Church: on Constant Faith and Morals?

One thing I have heard a lot, is that in spite of the great sins and crimes of some members of the Catholic Church (from kings to monks, bishops and even Popes) the Catholic Church has never taught or been in error, merely been entagled with sin and temptation, like all of humanity.

However, I have noticed three stances or “issues” on which the Church, if it has not changed it’s teachings, has at least significantly evolved. Please give me your feedback and your perspectives.

  1. **Divorce. **The Church used to teach that divorce itself was a mortal sin. I recall my grandmother saying that when she was growing up her mother would tell her that she should never divorce not even if her husband threatens to kill her. Before (very recently) It seems most priests and bishops would agree that divorce in all circumstances was sinful, and that if a woman experienced domestic abuse or exploitation for herself or her children, “tough luck and offer it up:blush:.” In very Catholic countries (Italy, Ireland, Poland, Latin America etc.) Civil divorce was extraordinarly difficult to achieve if not illegal.

Now it is different. While there can be no “divorce” in a Church setting, the Church is fine with civil divorce if it is for the protection of the woman or children. I also get the sense that “annulments” are quite common and easy to obtain. I understand the difference between divorce and annulment, but for the vast majority of annullments, can one honestly say the marriage “never happened?”

I might agree if there was some coercian or lack of capacity from one party, but I think in all honesty those marriages “happened” but just one spouse or the other had problems, and wasn’t able to sort them out. Sometimes marriages fail, and the Church grants annulment even if they “occured” to most third party observers.

  1. Suicide The Church used to teach that Suicide was a mortal sin, the worst sin a person could commit and would most likely damn you to hell. Suicides were refused Catholic burials up until the 1970s I believe, when science discovered the psychological element of it. I suppose the Church teaches that it is a grave sin too, but it seems there is far more compassion and sympathy for victims of it, than say 50 years ago, when the main sense was that the person was “weak and selfish.” I think most protestant churches had the same view unfortunately :blush:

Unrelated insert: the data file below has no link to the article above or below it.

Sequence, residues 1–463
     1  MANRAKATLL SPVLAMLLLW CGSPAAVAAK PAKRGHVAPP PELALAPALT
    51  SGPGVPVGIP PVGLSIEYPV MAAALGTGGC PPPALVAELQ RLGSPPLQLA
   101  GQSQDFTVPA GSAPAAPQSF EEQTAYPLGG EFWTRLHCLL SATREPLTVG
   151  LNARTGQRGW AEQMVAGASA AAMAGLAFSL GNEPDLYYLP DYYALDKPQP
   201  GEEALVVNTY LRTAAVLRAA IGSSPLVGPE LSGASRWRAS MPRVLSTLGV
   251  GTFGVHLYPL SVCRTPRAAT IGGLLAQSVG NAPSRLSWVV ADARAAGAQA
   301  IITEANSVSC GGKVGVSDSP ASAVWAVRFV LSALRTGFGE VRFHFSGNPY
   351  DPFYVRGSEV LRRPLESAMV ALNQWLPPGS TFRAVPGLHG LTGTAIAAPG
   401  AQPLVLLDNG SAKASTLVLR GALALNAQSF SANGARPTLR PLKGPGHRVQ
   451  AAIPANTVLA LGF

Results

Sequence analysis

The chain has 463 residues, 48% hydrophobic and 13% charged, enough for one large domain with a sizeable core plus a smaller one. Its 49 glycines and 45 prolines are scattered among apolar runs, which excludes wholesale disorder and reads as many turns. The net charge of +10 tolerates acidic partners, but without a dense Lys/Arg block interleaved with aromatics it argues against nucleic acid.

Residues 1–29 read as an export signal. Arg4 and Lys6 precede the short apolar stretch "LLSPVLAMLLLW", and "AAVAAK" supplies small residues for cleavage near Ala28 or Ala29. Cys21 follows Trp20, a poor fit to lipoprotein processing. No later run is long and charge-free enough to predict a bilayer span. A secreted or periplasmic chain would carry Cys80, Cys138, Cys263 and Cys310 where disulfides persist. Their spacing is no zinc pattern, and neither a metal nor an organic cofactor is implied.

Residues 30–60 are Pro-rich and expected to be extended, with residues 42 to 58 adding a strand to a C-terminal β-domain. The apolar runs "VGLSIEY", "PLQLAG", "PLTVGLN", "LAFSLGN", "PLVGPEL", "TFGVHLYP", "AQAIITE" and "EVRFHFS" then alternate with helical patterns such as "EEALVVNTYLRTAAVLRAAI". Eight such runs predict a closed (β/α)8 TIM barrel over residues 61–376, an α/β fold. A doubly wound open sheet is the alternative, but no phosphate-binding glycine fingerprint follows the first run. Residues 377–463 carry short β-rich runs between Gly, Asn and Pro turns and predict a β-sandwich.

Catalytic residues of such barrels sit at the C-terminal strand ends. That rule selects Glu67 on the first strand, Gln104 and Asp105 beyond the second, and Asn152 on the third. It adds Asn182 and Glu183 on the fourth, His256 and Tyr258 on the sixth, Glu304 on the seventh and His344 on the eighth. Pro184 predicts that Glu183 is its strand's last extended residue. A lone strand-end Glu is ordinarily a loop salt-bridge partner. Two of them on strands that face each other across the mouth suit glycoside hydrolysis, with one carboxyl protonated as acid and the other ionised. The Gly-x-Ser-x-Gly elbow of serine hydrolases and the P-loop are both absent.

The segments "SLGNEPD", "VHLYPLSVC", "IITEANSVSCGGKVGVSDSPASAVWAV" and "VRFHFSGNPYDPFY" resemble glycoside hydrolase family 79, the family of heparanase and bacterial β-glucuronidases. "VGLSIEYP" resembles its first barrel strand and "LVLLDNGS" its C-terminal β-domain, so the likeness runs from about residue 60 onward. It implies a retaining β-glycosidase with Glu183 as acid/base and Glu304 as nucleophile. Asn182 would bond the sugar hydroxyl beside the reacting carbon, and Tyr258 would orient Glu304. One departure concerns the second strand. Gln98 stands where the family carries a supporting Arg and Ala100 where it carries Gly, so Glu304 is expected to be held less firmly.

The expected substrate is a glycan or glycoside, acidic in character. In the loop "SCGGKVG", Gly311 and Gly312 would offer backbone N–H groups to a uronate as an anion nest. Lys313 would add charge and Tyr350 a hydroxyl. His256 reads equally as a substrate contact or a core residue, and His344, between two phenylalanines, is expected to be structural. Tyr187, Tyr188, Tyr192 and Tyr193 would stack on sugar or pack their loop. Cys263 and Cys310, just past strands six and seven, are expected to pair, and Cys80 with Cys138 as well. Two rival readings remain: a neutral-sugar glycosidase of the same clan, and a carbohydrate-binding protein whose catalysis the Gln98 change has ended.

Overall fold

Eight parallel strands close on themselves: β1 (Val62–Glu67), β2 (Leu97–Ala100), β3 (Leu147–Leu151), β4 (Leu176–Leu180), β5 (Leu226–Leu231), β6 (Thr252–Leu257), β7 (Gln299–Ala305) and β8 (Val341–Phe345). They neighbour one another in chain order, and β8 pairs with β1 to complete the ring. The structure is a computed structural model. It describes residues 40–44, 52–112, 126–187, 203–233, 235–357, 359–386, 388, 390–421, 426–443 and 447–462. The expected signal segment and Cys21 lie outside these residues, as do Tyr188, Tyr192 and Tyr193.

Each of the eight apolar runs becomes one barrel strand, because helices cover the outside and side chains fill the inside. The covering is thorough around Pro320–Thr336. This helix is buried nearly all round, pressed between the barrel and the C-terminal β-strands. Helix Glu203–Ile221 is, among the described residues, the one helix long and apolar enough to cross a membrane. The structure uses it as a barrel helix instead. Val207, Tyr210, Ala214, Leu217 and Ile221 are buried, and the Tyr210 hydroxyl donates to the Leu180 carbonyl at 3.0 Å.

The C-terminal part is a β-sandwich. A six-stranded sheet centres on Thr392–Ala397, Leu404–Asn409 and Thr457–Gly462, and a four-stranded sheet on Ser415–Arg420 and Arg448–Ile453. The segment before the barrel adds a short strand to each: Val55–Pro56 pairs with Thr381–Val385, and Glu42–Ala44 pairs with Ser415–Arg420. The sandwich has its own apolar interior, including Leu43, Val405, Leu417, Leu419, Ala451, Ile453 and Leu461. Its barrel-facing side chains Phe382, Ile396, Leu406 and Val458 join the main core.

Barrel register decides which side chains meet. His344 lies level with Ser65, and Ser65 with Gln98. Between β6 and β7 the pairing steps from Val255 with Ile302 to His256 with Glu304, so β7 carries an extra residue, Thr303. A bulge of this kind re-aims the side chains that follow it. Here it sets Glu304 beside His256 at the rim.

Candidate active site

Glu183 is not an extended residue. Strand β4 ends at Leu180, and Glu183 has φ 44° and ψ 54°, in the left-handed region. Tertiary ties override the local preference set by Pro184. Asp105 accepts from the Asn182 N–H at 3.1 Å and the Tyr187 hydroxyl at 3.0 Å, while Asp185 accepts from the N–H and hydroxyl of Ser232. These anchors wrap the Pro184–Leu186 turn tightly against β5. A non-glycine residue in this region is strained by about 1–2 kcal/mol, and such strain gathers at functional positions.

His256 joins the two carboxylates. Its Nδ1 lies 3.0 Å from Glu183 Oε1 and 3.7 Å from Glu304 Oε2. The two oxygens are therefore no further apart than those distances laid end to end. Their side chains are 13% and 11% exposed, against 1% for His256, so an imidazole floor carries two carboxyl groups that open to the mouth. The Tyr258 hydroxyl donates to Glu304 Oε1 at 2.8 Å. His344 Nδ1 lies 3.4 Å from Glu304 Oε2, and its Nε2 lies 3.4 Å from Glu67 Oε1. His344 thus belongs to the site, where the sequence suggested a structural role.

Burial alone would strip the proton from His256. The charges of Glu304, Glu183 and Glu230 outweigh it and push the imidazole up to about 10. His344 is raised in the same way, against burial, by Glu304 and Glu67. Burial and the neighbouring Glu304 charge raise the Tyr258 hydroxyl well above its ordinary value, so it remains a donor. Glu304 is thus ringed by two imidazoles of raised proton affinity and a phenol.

2. The Jews The Churche’s attitude, if not official teaching on the Jews seemed to have changed dramatically since World War II. While I don’t think the Church ever taught that “the Jews killed Jesus” I sense a great antipathy/contempt for them as a people from various Popes and saints that the Jews were uniquely “blinded” as a people, worse than the average pagan for being in a “dead covenent” with God, refusing to accept the son he generously gave them. If I am not mistaken the Churche’s present, cordial attitude on Jews and Judaism is a signifact grievance/sticking point of SSPX/sedevecantists.

Any thoughts?

Good question…subscribed.

I do not think that the Church has significantly changed its’ teaching on those three issues.

The Church has always taught that separation is permissible in dangerous situations. Civil action/divorce in order to secure necessary financial support was always permissible. It is true that some Catholic countries did not have divorce, per se, but they had annulments and legal separations. “Tough luck and offer it up” was never Catholic teaching.

If you think that the Church often annuls valid marriages, you have a right to your opinion. However, I think that the problem lies elsewhere. A large percentage of the civil marriages in the modern world are actually invalid from a Christian point of view because the parties do not intend and exclusive lifetime commitment open to life.

The Church’s teaching on suicide has not changed. Suicide is still, objectively speaking, a murder. However, we can never know when a particular suicide meets the three conditions for mortal sin. Certainly, we know much more about mental illness than we did in the past, and we should thank God for that.